Maybe it's our array of terrifying animals or the backdrop of our rugged outback, our bush ranger anti-heroes or our isolated locus, but Aussies sure know how to make a truly terrifying horror film. When brothers Dani and Michael Philippou (of the YouTube duo RackaRacka) debuted their latest horror feature Talk To Me earlier this year at the Sundance Film Festival, what ensued was a bidding war that ended up with A24 victorious.
A24 have not only been at the top of the horror movie game as of late (hello Hereditary and Midsommar), but revolutionised the genre. What was once considered a B-grade canon of work, never quite accepted with the kind of critical success or award-show honours that action flicks and dramas had long-enjoyed, has now become one of the industry's biggest-selling genres. Talk To Me is already garnering much critical acclaim in the first few days of its cinematic release, and its two stars – Sophie Wilde and Zoe Terakes – are taking it all in their stride.
Wilde and Terakes sat down with RUSSH to discuss their latest film together, and dish about their favourite horror films, the challenges of the genre, and what drew them to the project and to each other.
What drew you both to the film?
Sophie Wilde: I think the script. The script was just like so amazing and interesting. And I think it was reading that last scene, and i was like: "Slay! Yes! I want to do this".
Zoe Terakes: The boys drew me to it. I think once I'd spoken to them and seen how jazzed they were about making it – their energy is just so infectious and you're just kind of like "Oh, you really want to make this? I really want to make it really bad too!" You know? It really rubbed off on me.
Are you guys big horror film buffs?
SW: I actually can't watch horror films. Like, at all. But you know making one is actually quite fun. I feel like it de-mystifies that process a little bit. Maybe I could watch a horror film now.
ZT: I love horror films, but would watch them and then need like, a friend to sleep in my bed. But now I don't need that! Growth [laughs].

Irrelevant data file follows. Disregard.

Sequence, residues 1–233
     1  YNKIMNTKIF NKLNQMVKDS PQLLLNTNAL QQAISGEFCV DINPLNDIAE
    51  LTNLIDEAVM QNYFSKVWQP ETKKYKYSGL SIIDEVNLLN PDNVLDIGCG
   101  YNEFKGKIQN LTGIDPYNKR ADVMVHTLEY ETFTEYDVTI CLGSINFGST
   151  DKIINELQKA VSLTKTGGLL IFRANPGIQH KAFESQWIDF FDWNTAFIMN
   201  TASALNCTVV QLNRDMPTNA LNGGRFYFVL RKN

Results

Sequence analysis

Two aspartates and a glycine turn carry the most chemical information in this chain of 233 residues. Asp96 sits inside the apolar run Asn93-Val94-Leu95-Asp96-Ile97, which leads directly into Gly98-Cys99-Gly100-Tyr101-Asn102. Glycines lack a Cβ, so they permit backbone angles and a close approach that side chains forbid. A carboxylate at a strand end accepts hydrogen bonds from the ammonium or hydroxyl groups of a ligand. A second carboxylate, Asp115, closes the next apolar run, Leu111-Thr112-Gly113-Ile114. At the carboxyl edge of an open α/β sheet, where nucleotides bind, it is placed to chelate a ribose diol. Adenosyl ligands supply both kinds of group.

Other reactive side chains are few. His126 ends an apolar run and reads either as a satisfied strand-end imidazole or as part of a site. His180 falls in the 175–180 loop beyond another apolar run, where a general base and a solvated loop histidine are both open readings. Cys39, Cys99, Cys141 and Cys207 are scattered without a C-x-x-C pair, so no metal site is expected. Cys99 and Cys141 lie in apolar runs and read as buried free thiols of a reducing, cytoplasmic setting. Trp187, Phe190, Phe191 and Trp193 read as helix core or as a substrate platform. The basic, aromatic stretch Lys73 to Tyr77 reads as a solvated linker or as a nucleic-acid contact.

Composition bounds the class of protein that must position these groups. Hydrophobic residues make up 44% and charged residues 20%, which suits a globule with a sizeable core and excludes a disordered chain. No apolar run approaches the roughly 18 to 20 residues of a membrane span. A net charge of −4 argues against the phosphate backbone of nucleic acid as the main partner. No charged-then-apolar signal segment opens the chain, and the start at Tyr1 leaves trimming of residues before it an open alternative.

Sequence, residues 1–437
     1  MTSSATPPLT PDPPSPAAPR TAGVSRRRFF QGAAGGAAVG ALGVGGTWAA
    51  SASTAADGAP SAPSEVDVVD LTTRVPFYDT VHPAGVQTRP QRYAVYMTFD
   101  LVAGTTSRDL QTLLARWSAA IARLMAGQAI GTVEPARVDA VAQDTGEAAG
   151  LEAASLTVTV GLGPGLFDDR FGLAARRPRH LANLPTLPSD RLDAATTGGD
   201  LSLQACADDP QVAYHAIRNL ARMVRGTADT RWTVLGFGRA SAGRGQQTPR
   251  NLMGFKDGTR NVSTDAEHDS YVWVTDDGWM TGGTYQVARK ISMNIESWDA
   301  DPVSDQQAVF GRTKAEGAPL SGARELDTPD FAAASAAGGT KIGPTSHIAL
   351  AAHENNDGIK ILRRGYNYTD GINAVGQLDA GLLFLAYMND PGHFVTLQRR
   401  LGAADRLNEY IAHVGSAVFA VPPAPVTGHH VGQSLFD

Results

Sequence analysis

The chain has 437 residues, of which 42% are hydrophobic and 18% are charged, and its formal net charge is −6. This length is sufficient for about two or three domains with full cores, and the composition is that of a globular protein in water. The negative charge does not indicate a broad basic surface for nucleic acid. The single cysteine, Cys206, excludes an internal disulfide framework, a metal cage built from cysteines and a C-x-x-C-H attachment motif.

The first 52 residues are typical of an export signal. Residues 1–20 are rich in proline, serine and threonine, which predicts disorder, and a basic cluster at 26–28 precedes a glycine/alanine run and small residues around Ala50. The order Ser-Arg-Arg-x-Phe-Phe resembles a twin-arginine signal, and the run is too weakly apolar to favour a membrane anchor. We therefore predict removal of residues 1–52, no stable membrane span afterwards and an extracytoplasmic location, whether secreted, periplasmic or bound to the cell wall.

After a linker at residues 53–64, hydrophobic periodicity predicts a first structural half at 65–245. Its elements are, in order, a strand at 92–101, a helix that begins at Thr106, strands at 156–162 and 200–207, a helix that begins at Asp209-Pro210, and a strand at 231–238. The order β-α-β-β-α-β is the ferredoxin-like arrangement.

Do you have a favourite horror film then?
ZT: I have the one that fucked me up the most, which was this weird movie called Rest Stop. I watched it in Year 8 and it traumatised me, and I can't pee at a rest stop now. I can't. I will not do it. I think it's the scariest movie I've ever seen.
What were the biggest challenges in each of your respective roles in this film?
SW: Oh my god [laughs]. It was a lot. It's quite an intense role and definitely requires a lot of you physically and emotionally – which is actually very exciting as an actor to have the opportunity to have a character that has that much range. But you know, that definitely is challenging. It was a lot of me sitting in the corner, listening to Death Grips. That was my main 'in' to those kind of emotional beats.
ZT: It was a pretty big fucking gig for Soph! [both laugh] For me, I just got to be a big bully! It was pretty extraordinary watching Soph. And also with the possessions, because they're quite, like, embarrassing. I had to do one, which was just in the montage for a bit, but it's really vulnerable because, the crazier you are the better, but it's really scary to be crazy in front of a room full of people. Watching Soph lead the way for everyone was pretty cool.
SW: Love you!
ZT: Love you!
Did you find that it was easy to draw up on that emotion when you needed to?
SW: For the possessions it was kind of easy, because there's something kind of liberating about not having to be confined to naturalism. It's so heightened, that there's something kind of easy about it.
ZT: And playing something so far away from yourself. I was playing a grieving Spanish woman in my possession. I just let rip!
SW: And they fucking SLAYED that scene.
What was the best part of working with Danny and Michael Philippou on this project?
ZT: Uno! [both laugh]
SW: And that's all we're gonna reveal about that!
ZT: They are so extraordinary! They are such incredible minds. I'm just so obsessed with them. There's nothing like, boy genius about them. They are so humble and kind of don't know their own brilliance, but are just cranking out the most extraordinary work in a way that's just never self aware.
SW: Their energy on set is infectious, and exactly what was needed especially when you're doing these really intense roles – to have them cheering you on from the sidelines. It was so special. They really feel like family.
ZT: They're like our annoying brothers! [both laugh]
Did either of you know them prior to this experience? Or was this your first introduction?
SW: I feel like I knew of RackaRacka. Like, I feel like I've watched some of their YouTube videos when I was in Year 7. But I wasn't a RackaRacka stan.
ZT: I didn't even know what it was until we got to Adelaide, and then I binge-watched the videos and they're fucked! They are fucked up! Like how did those people make this movie?
SW: They are so brilliant.
What was the best part about working with each other?
ZT: We knew of each other before this.
SW: But this is the first time we've properly hung out.
ZT: Yeah! It was. We just vibed.
ZT: Just like 'You okay babe? You OKAY BABE?'
What else is coming up for both of you?
SW: I've got a Netflix show coming out later in the year, which I'm excited about.
ZT: I've got a Marvel show coming out, but I don't know when. [laughs]
Looking for more A24 goodness? We've rounded up 24 of the best A24 films to binge now!